Biggest share of whites in U.S. are Boomers, but for minority groups it’s Millennials or younger
There were more 24-year-olds in the U.S. than people of any other age in 2015. But for white Americans, 55 was the most common age, according to Census Bureau data.
In the histogram above, which shows the total number of individuals of each age last year, non-Hispanic whites tend to skew toward the older end of the spectrum (more to the right), while minority groups skew younger (more to the left).
One reason that non-Hispanic whites are disproportionately older than Americans overall is that they were the biggest population gainers from the post-World War II baby boom – an era before many of today’s minority immigrants entered the country. Whites were the only racial or ethnic group in which Baby Boomers (27% of whites) outnumbered Millennials (21%) in 2015.
Non-Hispanic whites, who constituted a majority (61.6%) of the U.S. population in 2015, had a median age of 43 — meaning that if you lined up all whites in the U.S. from youngest to oldest, the person in the middle would be 43 years old. This compares with a median age of just 31 for minorities, and 37 for the U.S. population overall.
More than half (56%) of minorities in 2015 were Millennials or younger. While minorities (who include everyone except single-race non-Hispanic whites) made up just 38.4% of the U.S. population last year, that figure is up slightly from 38.0% in 2014. The minority population grew at a faster pace (2.0%) than the white population (0.1%) during that time. Minorities’ higher growth rate is expected to continue, and the minority population will likely surpass whites in the next several decades. Today, Americans under the age of 5 are already “majority minority,” though by only a small margin.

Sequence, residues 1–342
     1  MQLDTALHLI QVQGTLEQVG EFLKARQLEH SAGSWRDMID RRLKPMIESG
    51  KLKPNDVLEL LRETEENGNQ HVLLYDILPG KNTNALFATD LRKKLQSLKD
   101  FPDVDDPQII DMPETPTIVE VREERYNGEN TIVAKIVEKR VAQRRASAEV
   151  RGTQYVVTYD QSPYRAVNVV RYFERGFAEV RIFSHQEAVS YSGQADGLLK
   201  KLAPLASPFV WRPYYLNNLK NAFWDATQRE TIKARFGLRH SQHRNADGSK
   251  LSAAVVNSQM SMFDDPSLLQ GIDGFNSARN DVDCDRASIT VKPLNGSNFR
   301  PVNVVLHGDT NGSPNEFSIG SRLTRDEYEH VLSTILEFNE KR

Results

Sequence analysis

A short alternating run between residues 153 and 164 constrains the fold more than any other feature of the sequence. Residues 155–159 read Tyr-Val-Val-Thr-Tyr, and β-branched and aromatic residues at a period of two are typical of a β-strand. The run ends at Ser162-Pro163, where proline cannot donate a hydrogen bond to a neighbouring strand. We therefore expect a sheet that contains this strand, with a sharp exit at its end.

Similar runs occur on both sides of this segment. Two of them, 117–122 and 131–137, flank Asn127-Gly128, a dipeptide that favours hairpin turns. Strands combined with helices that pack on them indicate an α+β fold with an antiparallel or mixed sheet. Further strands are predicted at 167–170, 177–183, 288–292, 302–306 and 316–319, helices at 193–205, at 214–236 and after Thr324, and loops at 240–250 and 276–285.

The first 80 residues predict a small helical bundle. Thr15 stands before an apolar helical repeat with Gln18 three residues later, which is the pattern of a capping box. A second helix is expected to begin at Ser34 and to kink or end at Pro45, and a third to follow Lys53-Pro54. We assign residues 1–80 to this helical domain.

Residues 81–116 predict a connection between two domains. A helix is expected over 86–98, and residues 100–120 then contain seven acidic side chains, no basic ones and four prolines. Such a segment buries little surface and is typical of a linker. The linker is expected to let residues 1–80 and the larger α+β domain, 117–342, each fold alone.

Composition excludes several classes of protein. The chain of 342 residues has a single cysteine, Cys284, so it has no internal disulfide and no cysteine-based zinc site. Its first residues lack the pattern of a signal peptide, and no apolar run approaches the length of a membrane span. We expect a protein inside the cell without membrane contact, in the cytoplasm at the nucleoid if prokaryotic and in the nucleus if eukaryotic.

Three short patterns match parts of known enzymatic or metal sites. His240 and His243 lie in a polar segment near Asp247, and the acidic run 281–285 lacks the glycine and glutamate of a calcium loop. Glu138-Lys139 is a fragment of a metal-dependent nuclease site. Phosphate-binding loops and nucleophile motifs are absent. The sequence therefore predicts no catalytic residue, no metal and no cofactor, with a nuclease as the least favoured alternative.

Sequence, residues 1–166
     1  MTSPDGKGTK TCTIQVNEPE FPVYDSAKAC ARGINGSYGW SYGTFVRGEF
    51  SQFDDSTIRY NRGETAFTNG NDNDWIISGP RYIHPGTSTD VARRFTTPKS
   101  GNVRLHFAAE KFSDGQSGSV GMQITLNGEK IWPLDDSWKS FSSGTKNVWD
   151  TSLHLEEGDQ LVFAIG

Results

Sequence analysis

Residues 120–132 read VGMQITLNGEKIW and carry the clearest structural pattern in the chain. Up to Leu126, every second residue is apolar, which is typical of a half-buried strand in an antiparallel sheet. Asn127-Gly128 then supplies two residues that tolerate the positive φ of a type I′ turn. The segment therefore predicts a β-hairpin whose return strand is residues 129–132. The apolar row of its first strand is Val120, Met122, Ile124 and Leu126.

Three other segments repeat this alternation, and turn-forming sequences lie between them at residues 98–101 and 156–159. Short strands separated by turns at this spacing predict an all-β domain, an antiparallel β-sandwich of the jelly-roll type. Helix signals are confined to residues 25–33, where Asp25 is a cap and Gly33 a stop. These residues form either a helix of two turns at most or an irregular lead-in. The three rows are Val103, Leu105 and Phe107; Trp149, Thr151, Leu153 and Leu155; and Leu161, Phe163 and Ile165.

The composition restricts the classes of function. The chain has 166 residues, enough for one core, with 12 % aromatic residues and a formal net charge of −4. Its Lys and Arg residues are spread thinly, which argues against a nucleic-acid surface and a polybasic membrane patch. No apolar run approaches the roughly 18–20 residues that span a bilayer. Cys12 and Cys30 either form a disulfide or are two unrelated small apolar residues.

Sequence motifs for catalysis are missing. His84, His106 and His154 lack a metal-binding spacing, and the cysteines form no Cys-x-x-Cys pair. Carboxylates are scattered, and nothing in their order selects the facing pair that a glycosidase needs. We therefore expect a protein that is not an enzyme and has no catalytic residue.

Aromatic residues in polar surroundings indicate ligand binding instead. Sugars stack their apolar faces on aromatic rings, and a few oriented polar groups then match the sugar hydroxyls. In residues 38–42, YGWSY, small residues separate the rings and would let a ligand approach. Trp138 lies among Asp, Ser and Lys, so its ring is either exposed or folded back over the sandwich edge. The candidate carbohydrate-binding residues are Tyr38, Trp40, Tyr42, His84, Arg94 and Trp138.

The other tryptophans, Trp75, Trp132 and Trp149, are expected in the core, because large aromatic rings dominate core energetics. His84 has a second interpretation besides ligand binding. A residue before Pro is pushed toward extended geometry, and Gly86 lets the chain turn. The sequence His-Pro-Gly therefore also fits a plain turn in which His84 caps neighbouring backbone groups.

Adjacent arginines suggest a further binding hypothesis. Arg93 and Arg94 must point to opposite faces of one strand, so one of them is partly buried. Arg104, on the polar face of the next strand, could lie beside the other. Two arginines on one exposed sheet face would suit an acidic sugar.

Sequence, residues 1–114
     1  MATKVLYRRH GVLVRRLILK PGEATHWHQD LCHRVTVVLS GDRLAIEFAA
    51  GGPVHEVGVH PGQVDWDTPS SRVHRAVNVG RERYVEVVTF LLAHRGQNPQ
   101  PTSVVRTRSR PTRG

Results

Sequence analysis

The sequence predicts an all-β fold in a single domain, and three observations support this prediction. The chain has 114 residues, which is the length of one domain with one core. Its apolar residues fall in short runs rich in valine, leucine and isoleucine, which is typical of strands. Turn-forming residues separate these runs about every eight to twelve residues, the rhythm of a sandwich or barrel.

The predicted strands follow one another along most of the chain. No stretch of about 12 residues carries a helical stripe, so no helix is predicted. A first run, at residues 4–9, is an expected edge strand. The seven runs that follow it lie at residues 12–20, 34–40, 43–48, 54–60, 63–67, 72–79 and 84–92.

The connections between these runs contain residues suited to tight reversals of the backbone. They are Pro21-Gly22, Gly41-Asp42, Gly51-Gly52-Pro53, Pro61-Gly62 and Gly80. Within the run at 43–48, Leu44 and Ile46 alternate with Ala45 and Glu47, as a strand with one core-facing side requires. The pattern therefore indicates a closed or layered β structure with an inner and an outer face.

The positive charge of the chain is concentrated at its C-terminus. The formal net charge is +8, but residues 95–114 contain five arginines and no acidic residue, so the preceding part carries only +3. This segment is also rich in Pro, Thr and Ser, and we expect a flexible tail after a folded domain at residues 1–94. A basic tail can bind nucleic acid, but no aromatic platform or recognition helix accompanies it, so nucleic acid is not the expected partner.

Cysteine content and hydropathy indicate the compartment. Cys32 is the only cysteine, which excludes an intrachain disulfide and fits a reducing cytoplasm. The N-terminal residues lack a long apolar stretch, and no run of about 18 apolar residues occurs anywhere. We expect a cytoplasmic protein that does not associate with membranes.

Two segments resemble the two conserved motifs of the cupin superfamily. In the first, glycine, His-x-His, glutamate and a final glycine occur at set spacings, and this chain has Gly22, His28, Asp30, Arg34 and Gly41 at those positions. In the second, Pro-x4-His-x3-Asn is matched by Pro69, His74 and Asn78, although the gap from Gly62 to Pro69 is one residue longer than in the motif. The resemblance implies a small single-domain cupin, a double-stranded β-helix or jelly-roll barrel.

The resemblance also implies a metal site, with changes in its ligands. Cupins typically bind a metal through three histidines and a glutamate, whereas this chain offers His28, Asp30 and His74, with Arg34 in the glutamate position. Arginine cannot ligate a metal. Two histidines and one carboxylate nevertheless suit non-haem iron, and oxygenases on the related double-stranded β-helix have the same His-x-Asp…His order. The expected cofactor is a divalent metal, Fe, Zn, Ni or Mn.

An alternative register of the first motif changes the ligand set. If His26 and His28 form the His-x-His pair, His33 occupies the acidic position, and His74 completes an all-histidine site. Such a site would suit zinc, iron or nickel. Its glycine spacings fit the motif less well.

Americans with two or more races were the youngest group in the Census Bureau data, with a median age of 19. There were a higher number of multiracial Americans under the age of 1 in 2015 than there were of any other age. Nearly half (46%) of multiracial Americans were ages 0 to 17, which means that they were not yet part of any named U.S. generation.
U.S. Hispanics were also a notably youthful group. Their median age was 28, and their most common age was 8. As a separate Pew Research Center report noted, Latinos have long been one of the nation’s youngest racial/ethnic groups, dating back to at least 1980. Today, the relative youth of Hispanics is driven by the U.S.-born Latino population, nearly three-quarters of whom were Millennials or younger.
Asians grew the fastest among all racial or ethnic groups in 2015. They were also older than most other racial/ethnic groups last year, though not as old as whites. Their median age was 36 years, and their most common age was 33. The highest shares of Asians are Millennials (27%) and Gen Xers (25%).
The median age of blacks was 33 last year, while their most common age was 24. About half of blacks were Millennials (26%) or younger (25%), while 21% were Gen Xers and another 21% were Boomers.
George Gao is a former associate digital producer at Pew Research Center.